Grief is not a mathematical equation summed up in weeks, months, or years. It is not a neat and tidy compartment of tears and tissues, nor is it a photo album on the shelf; we do not flip through memories until we reach the end of the book then put the sadness away as if nostalgia has taken grief’s place.
Grief is messy. No. Grief is clumsy. It comes at you in fits and starts and knocks you over and trips you up and laughs at your attempts to right yourself and just keep walking.
It can go away but it can come back again making you wonder if you were ever not sad, or if your happiness is simply a ruse. But wait, you say, why are you here when I am good and strong and smiling and true, and the sun is shining, or at least it promises to.
And grief will reply, because this is my job, to remind you that the sun is always accompanied by a shadow, now watch your step; I do believe you’re about to miss one and tumble down the stairs.
And this is where I reside each year, from September to December. Here, in the changing of the seasons and here in the weeks that are smothered between the anniversary of the death of my father and the anniversary of the birth of my daughter.
It’s confusing when your father dies and you are 32 weeks pregnant.
Even though his illness wove its way through almost the exact timeline of my pregnancy, getting bigger, getting stronger as we both neared the end, only I came away with something to hold, my body emptied, his simply gone.
And even five years later I recall those weeks in between with such clarity, the sadness never quite giving way to the anticipation of meeting my second daughter; my happiness over her impending arrival never quite being fully dampened by my grief.
Five years ago we were at a family Thanksgiving celebration at exactly the halfway point between those two events, and the conversation turned to a loss that a cousin had just suffered. A cat had died. A cat. She had been given pamphlets on the bereavement of cat owners and advice on how to get through it. There was much shoulder patting and earnest nodding. I rubbed my huge belly and I hated humans that day. I didn’t blame the dead cat.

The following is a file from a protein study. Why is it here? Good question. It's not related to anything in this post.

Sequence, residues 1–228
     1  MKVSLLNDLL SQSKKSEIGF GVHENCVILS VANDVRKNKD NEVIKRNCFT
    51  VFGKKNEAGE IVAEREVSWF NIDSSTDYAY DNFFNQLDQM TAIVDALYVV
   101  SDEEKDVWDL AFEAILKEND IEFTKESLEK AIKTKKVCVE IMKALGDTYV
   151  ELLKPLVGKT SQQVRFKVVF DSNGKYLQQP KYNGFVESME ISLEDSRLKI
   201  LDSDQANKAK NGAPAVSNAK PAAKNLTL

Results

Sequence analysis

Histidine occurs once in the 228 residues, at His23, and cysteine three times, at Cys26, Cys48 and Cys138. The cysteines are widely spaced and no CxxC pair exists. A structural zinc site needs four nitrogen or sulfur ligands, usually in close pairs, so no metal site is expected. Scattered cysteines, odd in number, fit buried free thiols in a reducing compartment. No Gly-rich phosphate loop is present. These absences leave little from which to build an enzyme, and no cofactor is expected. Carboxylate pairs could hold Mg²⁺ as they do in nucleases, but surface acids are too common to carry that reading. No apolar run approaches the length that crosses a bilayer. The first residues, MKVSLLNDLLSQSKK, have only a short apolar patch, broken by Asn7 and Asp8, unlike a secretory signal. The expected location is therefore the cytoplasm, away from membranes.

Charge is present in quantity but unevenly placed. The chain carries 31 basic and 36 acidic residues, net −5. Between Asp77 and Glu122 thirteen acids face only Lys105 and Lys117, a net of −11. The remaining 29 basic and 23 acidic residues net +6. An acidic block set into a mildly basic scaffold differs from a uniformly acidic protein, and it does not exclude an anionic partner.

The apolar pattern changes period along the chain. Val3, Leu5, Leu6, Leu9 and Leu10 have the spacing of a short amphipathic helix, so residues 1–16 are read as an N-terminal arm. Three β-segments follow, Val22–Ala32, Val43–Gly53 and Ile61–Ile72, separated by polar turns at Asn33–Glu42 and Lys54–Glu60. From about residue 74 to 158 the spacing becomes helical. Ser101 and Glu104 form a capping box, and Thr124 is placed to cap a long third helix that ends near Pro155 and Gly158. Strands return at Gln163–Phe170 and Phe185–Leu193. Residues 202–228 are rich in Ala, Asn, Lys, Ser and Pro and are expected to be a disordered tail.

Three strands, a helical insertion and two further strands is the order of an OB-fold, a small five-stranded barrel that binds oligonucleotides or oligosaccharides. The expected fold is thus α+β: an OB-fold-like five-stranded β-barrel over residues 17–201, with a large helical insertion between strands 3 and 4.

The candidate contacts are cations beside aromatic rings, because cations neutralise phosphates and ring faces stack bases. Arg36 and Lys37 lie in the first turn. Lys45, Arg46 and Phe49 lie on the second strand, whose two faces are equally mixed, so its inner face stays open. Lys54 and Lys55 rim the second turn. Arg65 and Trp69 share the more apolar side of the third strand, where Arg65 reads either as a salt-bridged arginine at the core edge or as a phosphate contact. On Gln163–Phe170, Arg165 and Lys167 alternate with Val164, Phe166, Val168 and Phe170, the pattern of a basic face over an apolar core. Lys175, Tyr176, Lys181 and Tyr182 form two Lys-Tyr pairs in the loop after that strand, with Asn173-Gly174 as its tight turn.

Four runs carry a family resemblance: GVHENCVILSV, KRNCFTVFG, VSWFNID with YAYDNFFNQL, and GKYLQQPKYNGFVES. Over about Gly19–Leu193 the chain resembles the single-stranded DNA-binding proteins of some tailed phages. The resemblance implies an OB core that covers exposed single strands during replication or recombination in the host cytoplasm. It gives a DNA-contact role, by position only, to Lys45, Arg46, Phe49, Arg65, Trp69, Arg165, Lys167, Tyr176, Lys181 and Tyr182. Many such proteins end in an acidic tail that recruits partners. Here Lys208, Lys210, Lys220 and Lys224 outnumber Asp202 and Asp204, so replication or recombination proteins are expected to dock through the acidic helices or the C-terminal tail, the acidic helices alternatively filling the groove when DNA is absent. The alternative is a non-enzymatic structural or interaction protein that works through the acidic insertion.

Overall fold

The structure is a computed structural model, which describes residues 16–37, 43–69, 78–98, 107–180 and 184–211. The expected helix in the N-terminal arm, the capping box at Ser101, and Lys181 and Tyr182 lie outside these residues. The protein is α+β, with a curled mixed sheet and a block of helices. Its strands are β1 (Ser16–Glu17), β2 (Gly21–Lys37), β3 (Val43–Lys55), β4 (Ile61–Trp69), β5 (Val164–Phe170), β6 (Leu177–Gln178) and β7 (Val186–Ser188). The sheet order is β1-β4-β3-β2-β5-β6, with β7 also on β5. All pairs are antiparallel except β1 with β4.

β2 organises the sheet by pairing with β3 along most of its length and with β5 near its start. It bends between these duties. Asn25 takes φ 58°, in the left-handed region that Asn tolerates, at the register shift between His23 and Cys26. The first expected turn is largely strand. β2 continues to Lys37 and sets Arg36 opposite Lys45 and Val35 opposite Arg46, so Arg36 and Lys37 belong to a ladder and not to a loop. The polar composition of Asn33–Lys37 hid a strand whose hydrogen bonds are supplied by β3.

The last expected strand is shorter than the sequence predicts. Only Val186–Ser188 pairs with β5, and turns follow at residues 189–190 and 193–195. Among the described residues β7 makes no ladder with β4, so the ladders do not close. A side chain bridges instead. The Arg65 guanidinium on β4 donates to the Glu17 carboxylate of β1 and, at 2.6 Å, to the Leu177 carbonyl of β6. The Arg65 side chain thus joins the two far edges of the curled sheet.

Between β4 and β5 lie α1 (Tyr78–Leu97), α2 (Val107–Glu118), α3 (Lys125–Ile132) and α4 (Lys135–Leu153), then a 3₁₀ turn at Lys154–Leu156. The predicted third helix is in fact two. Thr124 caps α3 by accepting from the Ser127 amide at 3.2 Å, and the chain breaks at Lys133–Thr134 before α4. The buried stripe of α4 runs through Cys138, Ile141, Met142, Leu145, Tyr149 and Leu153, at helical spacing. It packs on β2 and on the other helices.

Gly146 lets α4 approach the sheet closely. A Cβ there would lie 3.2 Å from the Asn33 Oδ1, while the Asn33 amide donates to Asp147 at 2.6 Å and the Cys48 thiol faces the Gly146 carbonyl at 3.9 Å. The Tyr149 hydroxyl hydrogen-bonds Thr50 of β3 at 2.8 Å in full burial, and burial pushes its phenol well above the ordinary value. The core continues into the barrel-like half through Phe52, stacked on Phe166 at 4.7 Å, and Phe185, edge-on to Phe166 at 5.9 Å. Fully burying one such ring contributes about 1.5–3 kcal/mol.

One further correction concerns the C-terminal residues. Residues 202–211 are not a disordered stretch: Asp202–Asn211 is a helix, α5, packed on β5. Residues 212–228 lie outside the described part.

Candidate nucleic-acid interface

I look at my daughter now and try to find a sign of my father. A sign that he has somehow given his spirit to my blonde, clever, funny little girl and I can’t find it anywhere. That he would love her I don’t doubt for a second; that he would find her as fascinating as I do, I don’t doubt for a second. But I don’t see him in her, anywhere.
It would be so much easier if somehow my father had reincarnated a worthy and recognizable part of himself into my lovely daughter; it would be so poetic and comforting to be able to say, you are the spitting image of my father, or you have my father’s hands/eyes/sense of humour. Comforting to me, that is.
But I can’t say that. Because that’s not how these things always turn out. Dead loved ones, no matter how close you were or how much you miss them, don’t always resurrect their spirit into those that come next, and grief doesn’t always peter out and move on.
These are confusing, in-between days and I will get through them just fine, like I did five years ago. But I will hold the bannister as I make my way down the stairs and watch my step as I walk into the crisp sunny day. Because these things have a way of tripping you up.